Bad credit can feel like the end of the world. This is because we’ve been conditioned over our lifetimes to believe that having bad credit is tantamount to being a terrible person. This is a philosophy that was built up primarily during the last century and during a time of economic excess. But now the economy is a wreck, our wages haven’t kept pace with the cost of living and more and more of us are having to rely on credit just to afford simple necessities like food. The times, they have changed.
Today, having bad credit isn’t something to be whispered about in dark corners. It is something that most of us have to deal with at least once (if not more) in our lives. And the idea that you should regard it as your enemy or that you should relegate your life to living in squalor when it happens to you is totally bogus. You can live well and be happy when your credit score isn’t perfect. Here’s how.
Bad Credit is Temporary
If you start working to fix your credit, you will see your score start to rise within a few months. There are a few ways to do this. Obviously, you’ll want to pay your creditors and lenders on time every month, even if you can only afford to pay the minimum due. It’s also good to show that you can handle new credit responsibly. The best way to do this is with a secured credit card that you get through your bank or a local credit union.
Buying What You Need: The Big Stuff
Perhaps the worst part of having bad credit is feeling like you have no options when something breaks or goes wrong. For example, you can’t afford to just fork over the cash for a brand new refrigerator when the one you have breaks. The good news is that, for bigger purchases like these, there are many stores that contract through third party creditors, like Crest Financial, to offer financing options to people whose credit might be less than awesome. These financiers rarely look at your credit history but they do report your positive repayment history to the credit bureaus (which helps raise your score).
Buying What You Need: Clothing
One of the keys in repairing your finances is to find a way to earn more money than you are currently making. This might mean taking on a second job or asking for a promotion at your current job. As shallow as it seems, both of these tasks are harder when you show up wearing the same threadbare khakis and button down that you’ve been wearing for the last year.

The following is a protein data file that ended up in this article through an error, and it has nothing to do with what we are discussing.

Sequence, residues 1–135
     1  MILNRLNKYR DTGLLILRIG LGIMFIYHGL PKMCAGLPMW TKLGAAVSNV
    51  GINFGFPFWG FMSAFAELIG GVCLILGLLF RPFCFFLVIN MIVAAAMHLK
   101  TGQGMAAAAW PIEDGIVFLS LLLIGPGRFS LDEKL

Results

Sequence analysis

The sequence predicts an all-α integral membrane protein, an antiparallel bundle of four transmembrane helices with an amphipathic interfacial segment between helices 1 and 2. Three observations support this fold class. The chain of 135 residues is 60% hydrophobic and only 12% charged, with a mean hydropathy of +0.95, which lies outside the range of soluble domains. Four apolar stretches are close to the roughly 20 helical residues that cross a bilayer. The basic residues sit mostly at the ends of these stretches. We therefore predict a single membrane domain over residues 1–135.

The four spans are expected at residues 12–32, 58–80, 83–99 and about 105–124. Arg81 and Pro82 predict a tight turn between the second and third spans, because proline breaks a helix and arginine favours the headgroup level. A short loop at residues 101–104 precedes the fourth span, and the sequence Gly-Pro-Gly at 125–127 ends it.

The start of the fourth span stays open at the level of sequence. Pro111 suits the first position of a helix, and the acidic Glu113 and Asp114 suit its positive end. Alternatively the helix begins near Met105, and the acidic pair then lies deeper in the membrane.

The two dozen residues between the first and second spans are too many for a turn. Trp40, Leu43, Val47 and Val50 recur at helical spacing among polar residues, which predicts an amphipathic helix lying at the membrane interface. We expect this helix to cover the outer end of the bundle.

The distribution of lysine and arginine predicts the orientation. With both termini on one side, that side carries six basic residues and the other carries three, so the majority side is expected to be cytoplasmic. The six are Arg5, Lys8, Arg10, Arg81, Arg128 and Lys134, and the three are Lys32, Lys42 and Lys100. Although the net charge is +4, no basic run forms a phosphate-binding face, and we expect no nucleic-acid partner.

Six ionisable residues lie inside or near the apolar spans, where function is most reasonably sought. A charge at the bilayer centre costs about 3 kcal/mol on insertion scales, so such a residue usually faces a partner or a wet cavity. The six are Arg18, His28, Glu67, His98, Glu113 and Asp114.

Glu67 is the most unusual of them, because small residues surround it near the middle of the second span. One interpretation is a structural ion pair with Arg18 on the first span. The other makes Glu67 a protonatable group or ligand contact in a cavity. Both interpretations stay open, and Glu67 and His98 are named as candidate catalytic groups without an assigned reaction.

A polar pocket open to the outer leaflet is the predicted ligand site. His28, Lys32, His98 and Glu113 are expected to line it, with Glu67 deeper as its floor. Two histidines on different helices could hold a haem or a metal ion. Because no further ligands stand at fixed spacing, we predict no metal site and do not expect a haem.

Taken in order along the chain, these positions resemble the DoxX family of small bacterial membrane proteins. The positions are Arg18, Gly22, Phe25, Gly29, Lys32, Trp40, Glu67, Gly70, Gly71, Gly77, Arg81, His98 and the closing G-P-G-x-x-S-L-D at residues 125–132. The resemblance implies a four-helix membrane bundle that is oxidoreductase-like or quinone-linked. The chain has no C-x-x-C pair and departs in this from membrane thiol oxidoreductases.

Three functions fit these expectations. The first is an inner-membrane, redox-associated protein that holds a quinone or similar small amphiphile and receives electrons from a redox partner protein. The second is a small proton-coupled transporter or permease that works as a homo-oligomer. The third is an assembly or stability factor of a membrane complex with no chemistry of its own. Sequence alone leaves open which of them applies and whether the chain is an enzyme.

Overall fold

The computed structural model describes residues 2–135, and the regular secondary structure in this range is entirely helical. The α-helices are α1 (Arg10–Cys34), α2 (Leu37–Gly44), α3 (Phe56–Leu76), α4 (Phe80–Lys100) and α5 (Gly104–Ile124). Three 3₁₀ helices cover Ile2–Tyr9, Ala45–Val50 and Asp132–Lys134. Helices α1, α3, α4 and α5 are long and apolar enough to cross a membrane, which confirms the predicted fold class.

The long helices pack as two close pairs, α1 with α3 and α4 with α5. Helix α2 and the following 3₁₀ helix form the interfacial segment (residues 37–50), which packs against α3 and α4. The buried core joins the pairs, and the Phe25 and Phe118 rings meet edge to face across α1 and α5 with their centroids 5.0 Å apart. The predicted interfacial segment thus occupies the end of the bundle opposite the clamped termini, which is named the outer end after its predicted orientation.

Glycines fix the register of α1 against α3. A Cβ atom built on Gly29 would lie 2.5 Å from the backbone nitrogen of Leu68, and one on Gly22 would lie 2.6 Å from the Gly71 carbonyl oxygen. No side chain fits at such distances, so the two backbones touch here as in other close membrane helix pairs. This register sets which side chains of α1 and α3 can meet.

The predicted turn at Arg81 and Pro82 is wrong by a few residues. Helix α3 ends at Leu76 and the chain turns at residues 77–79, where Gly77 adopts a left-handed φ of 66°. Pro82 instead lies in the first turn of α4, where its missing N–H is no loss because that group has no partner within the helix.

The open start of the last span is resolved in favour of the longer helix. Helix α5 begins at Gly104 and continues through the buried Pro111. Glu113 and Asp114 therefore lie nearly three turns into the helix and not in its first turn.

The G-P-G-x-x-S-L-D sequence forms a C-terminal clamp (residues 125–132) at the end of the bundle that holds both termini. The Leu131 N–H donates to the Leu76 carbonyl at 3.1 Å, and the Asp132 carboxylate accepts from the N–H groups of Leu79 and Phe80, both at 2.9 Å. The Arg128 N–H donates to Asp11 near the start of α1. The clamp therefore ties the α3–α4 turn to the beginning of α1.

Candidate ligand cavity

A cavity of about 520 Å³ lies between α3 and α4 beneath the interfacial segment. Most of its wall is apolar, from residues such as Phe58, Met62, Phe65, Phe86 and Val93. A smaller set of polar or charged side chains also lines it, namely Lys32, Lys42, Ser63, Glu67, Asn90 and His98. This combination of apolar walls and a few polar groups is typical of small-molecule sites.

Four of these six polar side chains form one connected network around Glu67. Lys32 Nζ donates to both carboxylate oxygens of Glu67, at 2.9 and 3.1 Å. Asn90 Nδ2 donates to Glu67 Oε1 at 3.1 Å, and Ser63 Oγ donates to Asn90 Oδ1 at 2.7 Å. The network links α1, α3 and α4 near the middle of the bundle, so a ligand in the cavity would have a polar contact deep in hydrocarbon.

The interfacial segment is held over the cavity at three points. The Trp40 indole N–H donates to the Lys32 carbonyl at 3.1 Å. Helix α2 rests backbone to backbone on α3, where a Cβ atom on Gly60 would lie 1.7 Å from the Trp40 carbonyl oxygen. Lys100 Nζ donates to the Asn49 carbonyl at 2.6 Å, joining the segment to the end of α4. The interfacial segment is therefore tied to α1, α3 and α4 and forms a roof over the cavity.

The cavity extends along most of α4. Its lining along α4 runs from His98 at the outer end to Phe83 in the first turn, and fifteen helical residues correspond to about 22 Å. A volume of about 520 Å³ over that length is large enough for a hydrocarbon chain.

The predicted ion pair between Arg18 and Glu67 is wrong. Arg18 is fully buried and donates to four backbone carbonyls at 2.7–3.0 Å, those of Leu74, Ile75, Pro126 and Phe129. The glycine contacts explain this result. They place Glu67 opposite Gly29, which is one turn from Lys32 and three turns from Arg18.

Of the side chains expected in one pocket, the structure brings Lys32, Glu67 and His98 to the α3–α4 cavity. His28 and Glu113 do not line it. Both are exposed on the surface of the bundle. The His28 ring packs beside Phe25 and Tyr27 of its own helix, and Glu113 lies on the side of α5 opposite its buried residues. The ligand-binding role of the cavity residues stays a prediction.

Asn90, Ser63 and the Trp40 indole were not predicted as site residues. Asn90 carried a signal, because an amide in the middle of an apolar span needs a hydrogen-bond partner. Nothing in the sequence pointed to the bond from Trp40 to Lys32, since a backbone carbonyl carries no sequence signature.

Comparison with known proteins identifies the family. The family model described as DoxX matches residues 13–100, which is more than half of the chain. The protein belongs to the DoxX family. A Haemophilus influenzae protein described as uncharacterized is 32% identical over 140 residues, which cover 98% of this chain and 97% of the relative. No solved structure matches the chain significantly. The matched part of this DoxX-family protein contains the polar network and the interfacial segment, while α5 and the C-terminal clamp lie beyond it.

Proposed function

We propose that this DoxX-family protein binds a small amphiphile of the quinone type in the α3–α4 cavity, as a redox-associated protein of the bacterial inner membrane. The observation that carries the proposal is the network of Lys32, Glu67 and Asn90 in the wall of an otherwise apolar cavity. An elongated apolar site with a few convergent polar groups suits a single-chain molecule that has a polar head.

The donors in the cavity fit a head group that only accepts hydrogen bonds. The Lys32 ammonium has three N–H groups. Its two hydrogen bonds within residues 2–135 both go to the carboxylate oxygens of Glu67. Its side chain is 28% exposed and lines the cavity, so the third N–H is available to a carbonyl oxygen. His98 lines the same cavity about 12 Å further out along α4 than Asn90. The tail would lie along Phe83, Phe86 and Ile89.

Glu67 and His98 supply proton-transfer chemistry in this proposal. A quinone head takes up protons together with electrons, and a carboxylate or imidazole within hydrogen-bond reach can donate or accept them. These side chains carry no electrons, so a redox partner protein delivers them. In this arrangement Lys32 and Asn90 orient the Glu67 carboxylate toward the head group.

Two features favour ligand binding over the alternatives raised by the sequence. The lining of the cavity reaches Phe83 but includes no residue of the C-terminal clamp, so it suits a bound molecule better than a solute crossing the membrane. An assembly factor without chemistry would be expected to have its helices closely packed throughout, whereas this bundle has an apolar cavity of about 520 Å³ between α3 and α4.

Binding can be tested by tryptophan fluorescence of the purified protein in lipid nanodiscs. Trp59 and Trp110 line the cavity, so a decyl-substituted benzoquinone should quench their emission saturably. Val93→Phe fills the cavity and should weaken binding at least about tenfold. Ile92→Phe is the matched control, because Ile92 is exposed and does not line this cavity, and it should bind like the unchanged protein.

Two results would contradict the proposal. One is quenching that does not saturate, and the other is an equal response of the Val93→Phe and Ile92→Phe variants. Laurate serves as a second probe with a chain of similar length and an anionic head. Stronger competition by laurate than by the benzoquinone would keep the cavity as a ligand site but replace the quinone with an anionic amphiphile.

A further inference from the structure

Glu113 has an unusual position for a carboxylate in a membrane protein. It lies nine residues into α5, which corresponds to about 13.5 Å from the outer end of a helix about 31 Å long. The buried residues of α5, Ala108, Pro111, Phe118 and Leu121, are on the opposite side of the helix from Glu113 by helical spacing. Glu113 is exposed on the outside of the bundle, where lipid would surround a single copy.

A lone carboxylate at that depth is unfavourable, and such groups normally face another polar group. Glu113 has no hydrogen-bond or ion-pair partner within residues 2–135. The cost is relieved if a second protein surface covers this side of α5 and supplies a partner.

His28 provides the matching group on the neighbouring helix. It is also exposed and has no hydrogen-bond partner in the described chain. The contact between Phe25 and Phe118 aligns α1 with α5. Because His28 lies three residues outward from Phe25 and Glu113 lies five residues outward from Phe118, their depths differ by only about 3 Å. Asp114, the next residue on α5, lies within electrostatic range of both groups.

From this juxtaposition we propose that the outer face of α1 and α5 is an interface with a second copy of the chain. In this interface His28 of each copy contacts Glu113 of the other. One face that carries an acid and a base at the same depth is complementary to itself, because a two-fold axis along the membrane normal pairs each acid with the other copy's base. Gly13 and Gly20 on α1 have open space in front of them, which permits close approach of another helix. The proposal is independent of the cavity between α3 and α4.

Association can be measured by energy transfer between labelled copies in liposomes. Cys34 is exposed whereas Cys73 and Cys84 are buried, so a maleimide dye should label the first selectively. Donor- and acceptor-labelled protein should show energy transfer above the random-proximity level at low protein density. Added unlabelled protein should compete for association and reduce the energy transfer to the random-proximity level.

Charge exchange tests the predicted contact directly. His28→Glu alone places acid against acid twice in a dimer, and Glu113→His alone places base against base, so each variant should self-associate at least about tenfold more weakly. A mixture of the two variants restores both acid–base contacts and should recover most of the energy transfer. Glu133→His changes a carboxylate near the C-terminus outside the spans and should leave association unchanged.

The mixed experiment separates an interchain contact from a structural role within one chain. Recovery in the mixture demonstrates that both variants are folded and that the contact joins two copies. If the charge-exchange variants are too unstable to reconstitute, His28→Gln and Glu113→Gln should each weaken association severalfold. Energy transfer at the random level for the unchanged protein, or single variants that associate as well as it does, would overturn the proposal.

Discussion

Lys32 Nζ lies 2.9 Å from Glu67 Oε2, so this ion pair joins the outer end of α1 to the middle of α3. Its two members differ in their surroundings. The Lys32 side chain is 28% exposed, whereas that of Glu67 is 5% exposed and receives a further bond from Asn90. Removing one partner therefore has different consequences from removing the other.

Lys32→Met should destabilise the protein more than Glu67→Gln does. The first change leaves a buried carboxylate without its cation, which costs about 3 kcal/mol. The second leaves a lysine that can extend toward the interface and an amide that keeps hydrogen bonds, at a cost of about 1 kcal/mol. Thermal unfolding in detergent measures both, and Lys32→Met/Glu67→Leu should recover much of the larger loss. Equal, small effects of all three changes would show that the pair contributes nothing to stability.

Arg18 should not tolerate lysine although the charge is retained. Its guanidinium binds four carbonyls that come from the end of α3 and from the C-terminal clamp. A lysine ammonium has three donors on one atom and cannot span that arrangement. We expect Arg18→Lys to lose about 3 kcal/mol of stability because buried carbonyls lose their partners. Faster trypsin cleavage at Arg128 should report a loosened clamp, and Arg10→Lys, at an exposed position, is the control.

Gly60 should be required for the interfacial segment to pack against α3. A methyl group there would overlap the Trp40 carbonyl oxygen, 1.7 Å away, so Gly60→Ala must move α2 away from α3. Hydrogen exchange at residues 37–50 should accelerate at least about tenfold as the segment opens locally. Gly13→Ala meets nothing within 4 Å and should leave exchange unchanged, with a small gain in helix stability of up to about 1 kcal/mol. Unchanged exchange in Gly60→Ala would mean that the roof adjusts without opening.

It’s important to have a good outfit for interviews and at least a few good pieces that you can mix and match at work. Shop for these items in thrift stores and on clearance racks.
Another good idea is learning how to sew so that you can tailor clothing you find that you love but that might not fit perfectly in the dressing room and so that you can make your own when you can’t find what you need in stores.
You will never perform at your best if you aren’t eating well. Eating the cheap processed stuff will deplete your energy levels, cause weight gain, wreak havoc on your skin, etc. You’ll be amazed at how much energy you have and how much more confident you feel when you’re eating a healthy and balanced diet. Better still, this doesn’t have to be expensive. Books like Good and Cheap teach you how to eat well on a shoestring budget, which helps you save money at the grocery store. This, in turn, helps you put more money toward your debt and credit rebuilding program.
Sometimes paying down your debt and rebuilding credit is a relatively simple project that you can complete on your own by tweaking a few habits for the better. Other times, it is a complicated process that can feel overwhelming. If you’re not sure where to start or what to change, meeting with a credit counselor is a good idea. You can find good counselors through local non-profit organizations and your local DHS. Steer clear of anyone who tries to charge you for credit repair.
Most of all, try to keep your head up. Channel your inner Dory and just keep swimming. If you work at it, you can rebuild your credit–and live well while you do it.